With FanGraphs’ somewhat random Top 18 prospects list now up, every major online baseball publication (that I’m aware of) has released their Angels top prospect rankings for 2015. We gave a lot of thought to doing a list of our own, but with a minimal first-hand knowledge of the players and little time to collect the variety of opinions from numerous sources that’s needed to devise a comprehensive ranking, we thought it much easier to coalesce all the information already out there into a single super list. So we did.

Using the varied lists of MLB.com, Baseball Prospectus, Baseball America, ESPN, Minor League Ball, and FanGraphs as our dataset*, we added up the respective ranking of each player on each list, then divided by six to get the average and determine the top 10. Twenty-five different prospects appeared on at least one of the lists, and only five were on all six. For those players who were on some lists and not others, a ranking of 15, 19, or 21 was given, depending on the number of players in the original list.

*There is a lot of great prospect analysis out there from Angels-centric sites, but for the purposes of this exercise I’ve omitted their 2015 rankings. I find that some fan predictions are overly optimistic, and I didn’t want to include some lists and not others, so I went with none.

Things got slightly more complicated when determining the players’ overall grades. Not everyone uses the 20-80 scouting scale in their projections, so we used Kiley McDaniel’s primer as a way to translate letter grades (Minor League Ball) and projected roles (Baseball Prospectus) into a single standardized scale. For instance, a C+ grade became a 50, a no. 2/3 starter ceiling became a 65. Once translated, the scores were averaged and rounded to the nearest five to create each player’s potential overall “Future Value” (FV). Keith Law and Baseball America don’t include overall grades on their rankings, and thus weren’t included in the FV calculation.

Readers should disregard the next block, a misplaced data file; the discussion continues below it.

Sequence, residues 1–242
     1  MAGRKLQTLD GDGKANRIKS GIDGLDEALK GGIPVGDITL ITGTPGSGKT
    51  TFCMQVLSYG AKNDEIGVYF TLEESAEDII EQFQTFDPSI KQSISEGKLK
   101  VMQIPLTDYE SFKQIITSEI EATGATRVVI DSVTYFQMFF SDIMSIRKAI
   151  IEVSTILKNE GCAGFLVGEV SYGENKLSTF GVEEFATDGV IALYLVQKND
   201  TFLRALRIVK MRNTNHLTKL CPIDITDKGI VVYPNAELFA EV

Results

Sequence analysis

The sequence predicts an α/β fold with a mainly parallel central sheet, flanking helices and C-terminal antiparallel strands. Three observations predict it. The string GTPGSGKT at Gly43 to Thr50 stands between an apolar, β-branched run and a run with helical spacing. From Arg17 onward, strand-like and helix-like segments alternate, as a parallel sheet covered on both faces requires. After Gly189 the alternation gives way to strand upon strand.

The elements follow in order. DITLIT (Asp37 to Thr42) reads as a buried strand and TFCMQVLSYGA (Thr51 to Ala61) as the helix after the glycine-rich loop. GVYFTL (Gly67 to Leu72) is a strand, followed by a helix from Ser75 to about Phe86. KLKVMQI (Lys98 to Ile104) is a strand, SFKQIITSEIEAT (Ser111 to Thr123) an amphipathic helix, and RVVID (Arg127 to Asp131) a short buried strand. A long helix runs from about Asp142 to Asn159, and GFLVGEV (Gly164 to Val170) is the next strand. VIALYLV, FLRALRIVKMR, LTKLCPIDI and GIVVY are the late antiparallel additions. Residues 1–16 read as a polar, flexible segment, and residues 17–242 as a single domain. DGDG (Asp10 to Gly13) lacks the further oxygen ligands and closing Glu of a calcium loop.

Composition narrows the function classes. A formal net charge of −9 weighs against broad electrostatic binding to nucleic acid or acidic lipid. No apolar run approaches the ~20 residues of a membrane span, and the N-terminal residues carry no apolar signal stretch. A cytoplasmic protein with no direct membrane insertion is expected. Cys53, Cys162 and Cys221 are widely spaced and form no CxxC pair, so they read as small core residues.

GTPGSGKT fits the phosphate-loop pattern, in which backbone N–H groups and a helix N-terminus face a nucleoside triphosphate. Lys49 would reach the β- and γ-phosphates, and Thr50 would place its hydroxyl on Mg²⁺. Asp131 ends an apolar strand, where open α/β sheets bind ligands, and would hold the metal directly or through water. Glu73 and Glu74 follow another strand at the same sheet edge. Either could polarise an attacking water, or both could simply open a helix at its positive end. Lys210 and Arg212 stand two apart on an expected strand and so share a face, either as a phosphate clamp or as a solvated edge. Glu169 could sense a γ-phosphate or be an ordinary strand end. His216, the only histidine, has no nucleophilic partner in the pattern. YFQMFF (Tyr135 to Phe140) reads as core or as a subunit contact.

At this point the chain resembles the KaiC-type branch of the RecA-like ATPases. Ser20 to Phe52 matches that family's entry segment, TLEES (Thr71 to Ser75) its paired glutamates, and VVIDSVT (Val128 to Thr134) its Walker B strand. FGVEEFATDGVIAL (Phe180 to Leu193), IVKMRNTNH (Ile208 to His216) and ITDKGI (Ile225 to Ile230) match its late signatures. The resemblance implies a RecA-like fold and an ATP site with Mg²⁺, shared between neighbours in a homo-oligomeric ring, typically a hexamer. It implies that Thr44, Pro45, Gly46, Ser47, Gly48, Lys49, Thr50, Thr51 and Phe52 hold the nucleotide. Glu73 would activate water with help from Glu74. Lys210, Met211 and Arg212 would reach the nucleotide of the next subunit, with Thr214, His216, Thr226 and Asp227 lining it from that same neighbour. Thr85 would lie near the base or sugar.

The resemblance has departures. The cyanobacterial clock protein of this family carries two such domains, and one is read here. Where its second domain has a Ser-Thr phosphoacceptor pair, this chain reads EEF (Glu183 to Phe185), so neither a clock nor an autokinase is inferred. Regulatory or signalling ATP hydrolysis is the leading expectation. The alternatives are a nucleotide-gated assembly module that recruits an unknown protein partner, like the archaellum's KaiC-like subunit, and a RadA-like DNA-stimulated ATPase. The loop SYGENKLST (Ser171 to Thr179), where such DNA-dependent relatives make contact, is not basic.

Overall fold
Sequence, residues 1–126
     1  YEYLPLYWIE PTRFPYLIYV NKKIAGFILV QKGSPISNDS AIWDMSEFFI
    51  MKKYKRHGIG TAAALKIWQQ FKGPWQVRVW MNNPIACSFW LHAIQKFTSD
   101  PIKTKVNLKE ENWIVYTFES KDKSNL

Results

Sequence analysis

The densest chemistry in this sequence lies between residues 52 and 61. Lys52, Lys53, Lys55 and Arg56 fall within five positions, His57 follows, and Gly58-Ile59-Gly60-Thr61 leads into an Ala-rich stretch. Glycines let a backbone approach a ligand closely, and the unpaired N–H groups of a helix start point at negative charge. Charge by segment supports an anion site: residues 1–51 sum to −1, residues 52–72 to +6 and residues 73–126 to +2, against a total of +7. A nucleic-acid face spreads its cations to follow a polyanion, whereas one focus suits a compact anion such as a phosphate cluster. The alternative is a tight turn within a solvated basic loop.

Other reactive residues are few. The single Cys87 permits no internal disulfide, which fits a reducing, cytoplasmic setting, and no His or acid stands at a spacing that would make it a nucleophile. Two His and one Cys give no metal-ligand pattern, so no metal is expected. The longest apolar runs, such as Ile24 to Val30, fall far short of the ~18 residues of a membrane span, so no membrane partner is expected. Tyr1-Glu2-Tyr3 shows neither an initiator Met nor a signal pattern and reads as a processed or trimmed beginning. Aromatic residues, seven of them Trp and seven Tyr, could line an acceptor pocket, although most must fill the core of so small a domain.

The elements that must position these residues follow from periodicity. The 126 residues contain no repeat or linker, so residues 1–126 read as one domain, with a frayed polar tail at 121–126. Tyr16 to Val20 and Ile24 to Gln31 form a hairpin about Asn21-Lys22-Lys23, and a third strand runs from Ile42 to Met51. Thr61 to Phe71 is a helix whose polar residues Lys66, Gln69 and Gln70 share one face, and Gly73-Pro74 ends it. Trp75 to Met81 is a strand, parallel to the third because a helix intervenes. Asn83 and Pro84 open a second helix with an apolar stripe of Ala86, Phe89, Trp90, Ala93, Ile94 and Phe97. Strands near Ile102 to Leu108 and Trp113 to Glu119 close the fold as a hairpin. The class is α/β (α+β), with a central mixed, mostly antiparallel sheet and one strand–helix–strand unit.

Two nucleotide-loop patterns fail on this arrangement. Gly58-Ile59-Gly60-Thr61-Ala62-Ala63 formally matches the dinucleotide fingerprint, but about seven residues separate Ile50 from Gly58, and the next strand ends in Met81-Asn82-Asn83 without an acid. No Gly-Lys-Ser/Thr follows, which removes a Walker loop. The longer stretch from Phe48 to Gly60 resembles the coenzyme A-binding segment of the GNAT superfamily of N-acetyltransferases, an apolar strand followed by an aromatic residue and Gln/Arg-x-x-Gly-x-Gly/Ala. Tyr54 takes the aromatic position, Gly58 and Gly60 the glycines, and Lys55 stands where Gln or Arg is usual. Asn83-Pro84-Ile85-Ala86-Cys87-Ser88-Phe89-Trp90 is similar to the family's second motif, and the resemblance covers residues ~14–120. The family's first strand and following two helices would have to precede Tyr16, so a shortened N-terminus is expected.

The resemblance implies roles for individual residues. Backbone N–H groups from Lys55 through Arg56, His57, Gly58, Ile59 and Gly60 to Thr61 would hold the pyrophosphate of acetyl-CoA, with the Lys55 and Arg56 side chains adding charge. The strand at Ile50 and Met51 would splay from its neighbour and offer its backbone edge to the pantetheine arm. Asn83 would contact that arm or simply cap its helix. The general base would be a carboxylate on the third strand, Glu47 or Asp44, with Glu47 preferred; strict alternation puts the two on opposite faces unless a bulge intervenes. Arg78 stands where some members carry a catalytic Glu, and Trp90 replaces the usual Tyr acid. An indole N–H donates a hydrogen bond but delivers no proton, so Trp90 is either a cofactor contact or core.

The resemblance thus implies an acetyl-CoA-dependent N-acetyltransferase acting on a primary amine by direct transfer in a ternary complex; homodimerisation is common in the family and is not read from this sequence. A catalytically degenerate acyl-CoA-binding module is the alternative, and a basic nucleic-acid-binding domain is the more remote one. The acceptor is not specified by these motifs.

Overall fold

Just to be clear: None of this is new information, and is not a scouting report. It’s simply a consolidation of six of the major top prospects lists into one general summary to paint a picture of where the scouting community seems to believe the Angels farm system stands heading into 2015.

Stat Sunday: Weaver’s Velocity Dip

March 15th, 2015

 

When it comes to spring story lines, there are never really any surprises. You can always count on a healthy serving of redemption, some BSOHL, and a dash of weird injuries. In Angels camp, another narrative has become something of an annual ritual: The chronicle of Jered Weaver’s ever-diminishing velocity.

Weaver has never been one to blow people away, but he’s dropped from a peak average velocity of 91 mph in 2010 to just over 87 mph in 2013-2014. This year, his first spring start in a PitchF/X park revealed a further drop in velo, with Weaver sitting at 82-84 and topping out at just 85 mph. It’s way too early to come to any conclusions about what that might mean come Opening Day – the right-hander didn’t express concern when prompted on the subject, seeming more annoyed than anything — but it’s worth wondering what might be cause for worry if the velocity doesn’t come back. If anyone deserves the benefit of the doubt, here, it’s Weaver, but it still doesn’t hurt to take a peek under the hood.

 

Weaver

Via Brooks Baseball and FanGraphs